Aṅguttara Nikāya

The Book of the Fours

23. The World

“Bhikkhus, the Tathāgata has fully awakened to the world; the Tathāgata is detached from the world. The Tathāgata has fully awakened to the origin of the world; the Tathāgata has abandoned the origin of the world. The Tathāgata has fully awakened to the cessation of the world; the Tathāgata has realized the cessation of the world. The Tathāgata has fully awakened to the way leading to the cessation of the world; the Tathāgata has developed the way leading to the cessation of the world.

(1) “Bhikkhus, in this world with its devas, Māra, and Brahmā, among this population with its ascetics and brahmins, its devas and humans, whatever is seen, heard, sensed, cognized, reached, sought after, examined by the mind—all that the Tathāgata has fully awakened to; therefore he is called the Tathāgata.

(2) “Bhikkhus, whatever the Tathāgata speaks, utters, or expounds in the interval between the night when he awakens to the unsurpassed perfect enlightenment and the night when he attains final nibbāna, all that is just so and not otherwise; therefore he is called the Tathāgata.

(3) “Bhikkhus, as the Tathāgata speaks, so he does; as he does, so he speaks. Since he does as he speaks and speaks as he does, therefore he is called the Tathāgata.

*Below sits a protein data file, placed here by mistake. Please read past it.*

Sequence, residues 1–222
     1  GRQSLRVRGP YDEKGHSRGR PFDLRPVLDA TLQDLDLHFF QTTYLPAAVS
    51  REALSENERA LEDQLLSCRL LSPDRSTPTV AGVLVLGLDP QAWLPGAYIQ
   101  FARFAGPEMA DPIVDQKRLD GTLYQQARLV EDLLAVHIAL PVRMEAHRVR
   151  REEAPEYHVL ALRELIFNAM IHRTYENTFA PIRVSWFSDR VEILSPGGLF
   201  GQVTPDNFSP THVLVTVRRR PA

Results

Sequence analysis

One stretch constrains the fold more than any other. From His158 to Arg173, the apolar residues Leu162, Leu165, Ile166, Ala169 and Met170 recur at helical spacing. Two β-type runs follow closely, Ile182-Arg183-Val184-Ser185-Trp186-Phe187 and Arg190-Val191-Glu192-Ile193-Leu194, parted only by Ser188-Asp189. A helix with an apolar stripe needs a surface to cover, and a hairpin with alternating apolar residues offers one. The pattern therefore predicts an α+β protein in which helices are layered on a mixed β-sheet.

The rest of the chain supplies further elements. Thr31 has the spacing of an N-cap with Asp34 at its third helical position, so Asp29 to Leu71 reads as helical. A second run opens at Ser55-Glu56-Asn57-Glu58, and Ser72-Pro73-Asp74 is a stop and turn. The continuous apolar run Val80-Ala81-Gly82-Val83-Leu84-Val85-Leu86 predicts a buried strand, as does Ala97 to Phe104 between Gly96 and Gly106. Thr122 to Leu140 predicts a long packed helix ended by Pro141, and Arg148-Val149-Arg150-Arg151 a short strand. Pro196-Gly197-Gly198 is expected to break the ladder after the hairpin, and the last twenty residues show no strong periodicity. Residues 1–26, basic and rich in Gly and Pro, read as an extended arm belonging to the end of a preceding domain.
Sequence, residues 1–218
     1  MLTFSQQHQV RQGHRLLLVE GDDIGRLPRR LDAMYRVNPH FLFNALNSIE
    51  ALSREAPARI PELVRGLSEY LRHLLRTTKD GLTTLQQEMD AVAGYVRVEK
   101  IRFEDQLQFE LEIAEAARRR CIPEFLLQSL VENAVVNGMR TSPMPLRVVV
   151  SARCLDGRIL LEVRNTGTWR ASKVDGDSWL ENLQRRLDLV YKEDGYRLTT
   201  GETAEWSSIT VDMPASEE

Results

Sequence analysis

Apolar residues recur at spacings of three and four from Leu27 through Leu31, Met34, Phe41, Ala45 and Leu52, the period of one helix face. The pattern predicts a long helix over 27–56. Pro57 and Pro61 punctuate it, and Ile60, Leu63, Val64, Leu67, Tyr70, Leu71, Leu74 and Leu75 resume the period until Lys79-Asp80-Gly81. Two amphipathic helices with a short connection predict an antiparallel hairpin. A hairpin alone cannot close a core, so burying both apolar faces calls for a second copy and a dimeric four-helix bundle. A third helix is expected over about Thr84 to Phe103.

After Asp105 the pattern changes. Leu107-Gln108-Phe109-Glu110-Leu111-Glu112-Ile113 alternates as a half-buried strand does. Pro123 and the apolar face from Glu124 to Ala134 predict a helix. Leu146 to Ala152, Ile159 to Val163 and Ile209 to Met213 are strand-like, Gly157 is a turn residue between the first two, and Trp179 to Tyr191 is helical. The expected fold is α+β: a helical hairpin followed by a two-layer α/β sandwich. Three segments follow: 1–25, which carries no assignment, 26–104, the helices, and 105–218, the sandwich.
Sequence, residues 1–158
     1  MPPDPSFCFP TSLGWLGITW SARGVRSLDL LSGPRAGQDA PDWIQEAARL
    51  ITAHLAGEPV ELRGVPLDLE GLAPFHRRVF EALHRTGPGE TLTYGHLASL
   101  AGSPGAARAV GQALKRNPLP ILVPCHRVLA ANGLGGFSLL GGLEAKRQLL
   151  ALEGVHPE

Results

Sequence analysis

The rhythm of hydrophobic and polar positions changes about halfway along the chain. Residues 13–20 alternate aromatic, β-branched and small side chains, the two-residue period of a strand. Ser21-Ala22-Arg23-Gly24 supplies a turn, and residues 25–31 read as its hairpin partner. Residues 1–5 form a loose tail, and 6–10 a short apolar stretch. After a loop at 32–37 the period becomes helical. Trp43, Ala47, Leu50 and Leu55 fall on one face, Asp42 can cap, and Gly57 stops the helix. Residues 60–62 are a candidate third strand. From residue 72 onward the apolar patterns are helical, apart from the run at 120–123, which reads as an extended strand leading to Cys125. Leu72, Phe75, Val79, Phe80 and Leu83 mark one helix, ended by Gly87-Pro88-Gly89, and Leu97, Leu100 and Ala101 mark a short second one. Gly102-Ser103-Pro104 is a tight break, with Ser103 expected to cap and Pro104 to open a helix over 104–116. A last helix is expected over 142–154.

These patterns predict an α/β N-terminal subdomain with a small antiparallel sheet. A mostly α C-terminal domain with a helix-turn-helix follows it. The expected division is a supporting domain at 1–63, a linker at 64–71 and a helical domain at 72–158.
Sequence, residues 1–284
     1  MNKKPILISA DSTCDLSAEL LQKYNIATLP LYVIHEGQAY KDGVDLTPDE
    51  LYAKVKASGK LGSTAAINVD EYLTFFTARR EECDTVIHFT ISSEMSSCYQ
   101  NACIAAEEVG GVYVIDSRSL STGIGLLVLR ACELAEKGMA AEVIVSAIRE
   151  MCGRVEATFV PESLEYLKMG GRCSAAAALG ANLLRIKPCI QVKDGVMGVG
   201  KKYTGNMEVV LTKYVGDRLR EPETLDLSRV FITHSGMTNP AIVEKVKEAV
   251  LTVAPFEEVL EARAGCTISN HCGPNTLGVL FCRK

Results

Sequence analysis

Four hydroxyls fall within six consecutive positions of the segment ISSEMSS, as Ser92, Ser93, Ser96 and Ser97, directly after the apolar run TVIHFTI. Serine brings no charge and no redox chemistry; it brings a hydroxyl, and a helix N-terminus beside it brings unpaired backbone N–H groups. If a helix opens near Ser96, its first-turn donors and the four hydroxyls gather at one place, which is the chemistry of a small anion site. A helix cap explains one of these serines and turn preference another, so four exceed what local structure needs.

(4) “Bhikkhus, in this world with its devas, Māra, and Brahmā, among this population with its ascetics and brahmins, its devas and humans, the Tathāgata is the vanquisher, the unvanquished, the universal seer, the wielder of mastery; therefore he is called the Tathāgata.”

Having directly known all the world—
all in the world just as it is—
he is detached from all the world,
disengaged from all the world.

He is the vanquisher of all,
the wise one who has untied all knots.
He has reached the supreme peace,
nibbāna, inaccessible to fear.

He is the Buddha, his taints destroyed,
untroubled, all doubts cut off;
having reached the destruction of all kamma,
he is liberated in the extinction of acquisitions.

He is the Blessed One, the Buddha,
he is the lion unsurpassed;
in this world with its devas,
he set in motion the wheel of Brahmā.

Thus those devas and human beings
who have gone for refuge to the Buddha
assemble and pay homage to him,
the great one free from diffidence:

“Tamed, he is the best of tamers;
peaceful, he is the seer among peace-bringers;
freed, he is the chief of liberators;
crossed over, he is the best of guides across.”

Thus indeed they pay him homage,
the great one free from diffidence.
In this world together with its devas,
there is no one who can rival you.